1. Introduction
Content distribution has become a dominant application in today’s Internet. Much of these contents are delivered by Content Distribution Networks (CDNs), which are provided by Akamai, Amazon etc (Jiang et al., 2012). There usually exists a stringent requirement on the latency between service provider and end users for these applications. CDNs use a large network of caches to deliver content from a location close to the end users. If a user’s request is served by the cache (i.e., cache hit), the user experiences a faster response time than if it was served by the backend server. It also reduces bandwidth requirements at the central content repository.
With the aggressive increase in Internet traffic over past years (Cisco, 2015), CDNs need to host contents from thousands of regions belonging to web sites of thousands of content providers. Furthermore, each content provider may host a large variety of content, including videos, music, images and webs. Such an increasing diversity in content services requires CDNs to provide different quality of service to varying content classes and applications with different access characteristics and performance requirements. Significant economic benefits and important technical gains have been observed with the deployment of service differentiation (Feldman and Chuang, 2002). While a rich literature has studied the design of fair and efficient caching algorithms for content distribution, little work has paid attention to the provision of multilevel services in cache networks.
Managing cache networks requires policies to route enduser requests to the local distributed caches, as well as caching algorithms to ensure availability of requested content at the caches. In general, there are two classes of policies for studying the performance of caching algorithms: conventional caching eviction policy and timerbased, i.e., TimeToLive (TTL) (Fagin, 1977; Che et al., 2002; Fofack et al., 2014). On one hand, since the cache size is usually much smaller than the total amount of content, some contents need to be evicted if the requested content is not in the cache (i.e., cache miss). Some well known content eviction policies are LeastRecentlyUsed (LRU) (Gast and Houdt, 2016), LeastFrequentlyUsed (LFU) (Coffman and Denning, 1973), First In First Out (FIFO), and RANDOM (Coffman and Denning, 1973). Exact analysis of these algorithms has proven to be difficult, even under the simple Independence Reference Model (IRM) (Coffman and Denning, 1973), where the requests to contents are independent of each other. The strongly coupled nature of these eviction algorithms makes implementation of differential services challenging.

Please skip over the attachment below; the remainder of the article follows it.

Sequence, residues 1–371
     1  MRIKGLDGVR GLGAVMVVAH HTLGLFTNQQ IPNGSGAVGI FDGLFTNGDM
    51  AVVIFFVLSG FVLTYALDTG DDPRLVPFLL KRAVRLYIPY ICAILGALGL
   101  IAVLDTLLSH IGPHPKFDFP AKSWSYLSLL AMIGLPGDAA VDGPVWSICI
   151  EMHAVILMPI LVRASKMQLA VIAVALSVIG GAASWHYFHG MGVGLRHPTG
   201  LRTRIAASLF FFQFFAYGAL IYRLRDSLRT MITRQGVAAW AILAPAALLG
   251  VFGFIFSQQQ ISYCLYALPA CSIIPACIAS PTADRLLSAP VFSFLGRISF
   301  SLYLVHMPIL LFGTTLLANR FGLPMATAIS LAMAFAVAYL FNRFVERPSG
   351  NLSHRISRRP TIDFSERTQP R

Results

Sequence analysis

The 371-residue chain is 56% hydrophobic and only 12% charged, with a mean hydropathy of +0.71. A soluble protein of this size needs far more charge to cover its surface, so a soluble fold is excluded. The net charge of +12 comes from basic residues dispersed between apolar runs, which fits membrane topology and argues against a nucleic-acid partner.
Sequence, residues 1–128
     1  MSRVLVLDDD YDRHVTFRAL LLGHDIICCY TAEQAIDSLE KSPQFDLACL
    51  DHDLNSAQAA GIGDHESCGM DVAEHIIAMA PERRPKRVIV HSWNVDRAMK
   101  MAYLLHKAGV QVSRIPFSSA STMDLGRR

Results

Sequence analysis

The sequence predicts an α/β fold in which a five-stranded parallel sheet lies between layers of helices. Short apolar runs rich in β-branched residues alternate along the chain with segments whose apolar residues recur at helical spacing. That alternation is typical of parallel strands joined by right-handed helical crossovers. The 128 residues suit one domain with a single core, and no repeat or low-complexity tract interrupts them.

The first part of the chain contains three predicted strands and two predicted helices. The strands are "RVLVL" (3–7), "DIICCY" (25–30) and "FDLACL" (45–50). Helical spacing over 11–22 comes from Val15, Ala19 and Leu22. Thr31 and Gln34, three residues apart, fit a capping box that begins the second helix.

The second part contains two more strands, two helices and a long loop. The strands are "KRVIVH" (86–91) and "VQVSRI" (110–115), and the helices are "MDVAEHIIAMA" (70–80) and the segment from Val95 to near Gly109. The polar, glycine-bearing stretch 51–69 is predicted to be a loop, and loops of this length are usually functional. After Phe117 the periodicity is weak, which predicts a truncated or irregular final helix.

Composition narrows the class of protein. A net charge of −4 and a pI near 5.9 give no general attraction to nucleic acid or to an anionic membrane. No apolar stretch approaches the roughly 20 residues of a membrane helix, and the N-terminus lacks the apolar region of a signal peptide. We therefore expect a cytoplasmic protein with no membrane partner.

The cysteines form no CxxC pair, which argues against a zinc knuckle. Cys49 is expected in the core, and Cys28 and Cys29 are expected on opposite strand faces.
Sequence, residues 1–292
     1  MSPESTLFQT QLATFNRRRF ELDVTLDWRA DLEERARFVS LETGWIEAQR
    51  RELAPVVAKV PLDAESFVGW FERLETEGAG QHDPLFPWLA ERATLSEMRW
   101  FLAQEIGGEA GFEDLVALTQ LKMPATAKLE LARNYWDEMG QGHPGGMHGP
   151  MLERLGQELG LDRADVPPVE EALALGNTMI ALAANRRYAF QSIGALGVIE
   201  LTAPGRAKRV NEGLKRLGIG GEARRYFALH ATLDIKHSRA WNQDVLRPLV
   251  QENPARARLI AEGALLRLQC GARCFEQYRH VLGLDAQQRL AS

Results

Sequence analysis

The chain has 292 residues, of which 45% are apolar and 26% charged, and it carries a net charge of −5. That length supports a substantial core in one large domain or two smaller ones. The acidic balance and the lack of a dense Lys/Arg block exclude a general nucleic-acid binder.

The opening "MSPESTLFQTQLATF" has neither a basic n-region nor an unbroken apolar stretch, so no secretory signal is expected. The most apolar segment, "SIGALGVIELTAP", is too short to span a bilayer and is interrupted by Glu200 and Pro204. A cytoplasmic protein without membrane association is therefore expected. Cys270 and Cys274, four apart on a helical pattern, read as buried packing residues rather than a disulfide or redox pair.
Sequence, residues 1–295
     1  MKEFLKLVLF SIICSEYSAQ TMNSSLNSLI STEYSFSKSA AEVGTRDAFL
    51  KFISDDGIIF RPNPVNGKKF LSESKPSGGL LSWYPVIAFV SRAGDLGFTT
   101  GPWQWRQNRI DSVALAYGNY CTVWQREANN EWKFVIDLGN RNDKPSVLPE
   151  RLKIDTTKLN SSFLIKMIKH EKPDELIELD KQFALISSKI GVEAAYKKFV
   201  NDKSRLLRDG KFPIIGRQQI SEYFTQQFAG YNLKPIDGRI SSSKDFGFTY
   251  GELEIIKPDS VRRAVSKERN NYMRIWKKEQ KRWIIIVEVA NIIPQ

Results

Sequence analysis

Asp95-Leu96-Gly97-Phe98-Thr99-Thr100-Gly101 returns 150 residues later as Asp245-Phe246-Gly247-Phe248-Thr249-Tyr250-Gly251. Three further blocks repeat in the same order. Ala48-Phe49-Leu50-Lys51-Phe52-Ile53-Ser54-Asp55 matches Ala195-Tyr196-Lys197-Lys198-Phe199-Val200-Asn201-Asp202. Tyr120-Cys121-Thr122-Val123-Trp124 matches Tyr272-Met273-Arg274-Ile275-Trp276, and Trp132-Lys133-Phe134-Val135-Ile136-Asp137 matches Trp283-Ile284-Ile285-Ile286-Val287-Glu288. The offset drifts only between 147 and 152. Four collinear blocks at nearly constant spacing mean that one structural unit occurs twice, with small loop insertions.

On the other hand, a TTL cache associates each content with a timer upon request and the content is evicted from the cache on timer expiry, independent of other contents. Analysis of these policies is simple since the eviction of contents are decoupled from each other.
Most studies have focused on the analysis of a single cache. When a cache network is considered, independence across different caches is usually assumed (Rosensweig et al., 2010). Again, it is hard to analyze most conventional caching algorithms, such as LRU, FIFO and RANDOM, but some accurate results for TTL caches are available (Berger et al., 2014; Fofack et al., 2014). However, it has been observed (Laoutaris et al., 2004) that performance gains can be obtained if decisionmaking is coupled at different caches.
In this paper, we consider a TTL cache network. Any node in the network can generate a request for a content, which is forwarded along a fixed path towards the server. The forwarding stops upon a cache hit, i.e., the requested content is found in a cache on the path. When such a cache hit occurs, the content is sent over the reverse path to the node initializing the request. This raises the questions: where to cache the requested content on the reverse path and what is the value of its timer? Answering these questions in an affirmative way can provide new insights in cache network design; however, it may also increase the complexity and hardness of the analysis.
Our goal is to provide thorough and rigorous answers to these questions. To that end, we consider moving the content one cache up if there is a cache hit on it and pushing the content one cache down once its timer expires in the cache hierarchy, since the recently evicted content may still be in demand. This leads to the “Move Copy Down with Push” (MCDP) policy. While pushing a copy down may improve system performance, it induces greater operational cost in the system. We can also consider another policy “Move Copy Down” (MCD) under which content is evicted upon timer expiry. These will be described in detail in Section 3.